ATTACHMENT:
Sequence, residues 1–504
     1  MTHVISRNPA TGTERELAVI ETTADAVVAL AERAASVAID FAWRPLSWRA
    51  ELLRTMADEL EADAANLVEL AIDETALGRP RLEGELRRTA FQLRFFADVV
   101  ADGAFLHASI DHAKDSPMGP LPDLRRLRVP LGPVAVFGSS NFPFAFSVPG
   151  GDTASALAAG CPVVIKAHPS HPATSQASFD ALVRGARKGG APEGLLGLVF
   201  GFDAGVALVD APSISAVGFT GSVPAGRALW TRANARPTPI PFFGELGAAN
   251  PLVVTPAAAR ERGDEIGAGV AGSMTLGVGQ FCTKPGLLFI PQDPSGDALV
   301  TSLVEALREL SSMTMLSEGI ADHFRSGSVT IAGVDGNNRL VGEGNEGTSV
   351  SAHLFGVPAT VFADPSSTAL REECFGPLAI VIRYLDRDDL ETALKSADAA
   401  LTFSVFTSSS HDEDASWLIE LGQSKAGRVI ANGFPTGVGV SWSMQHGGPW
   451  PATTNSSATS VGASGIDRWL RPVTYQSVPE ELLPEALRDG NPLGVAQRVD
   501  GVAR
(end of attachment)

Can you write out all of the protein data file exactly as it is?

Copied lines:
Sequence, residues 1–504
     1  MTHVISRNPA TGTERELAVI ETTADAVVAL AERAASVAID FAWRPLSWRA
    51  ELLRTMADEL EADAANLVEL AIDETALGRP RLEGELRRTA FQLRFFADVV
   101  ADGAFLHASI DHAKDSPMGP LPDLRRLRVP LGPVAVFGSS NFPFAFSVPG
   151  GDTASALAAG CPVVIKAHPS HPATSQASFD ALVRGARKGG APEGLLGLVF
   201  GFDAGVALVD APSISAVGFT GSVPAGRALW TRANARPTPI PFFGELGAAN
   251  PLVVTPAAAR ERGDEIGAGV AGSMTLGVGQ FCTKPGLLFI PQDPSGDALV
   301  TSLVEALREL SSMTMLSEGI ADHFRSGSVT IAGVDGNNRL VGEGNEGTSV
   351  SAHLFGVPAT VFADPSSTAL REECFGPLAI VIRYLDRDDL ETALKSADAA
   401  LTFSVFTSSS HDEDASWLIE LGQSKAGRVI ANGFPTGVGV SWSMQHGGPW
   451  PATTNSSATS VGASGIDRWL RPVTYQSVPE ELLPEALRDG NPLGVAQRVD
   501  GVAR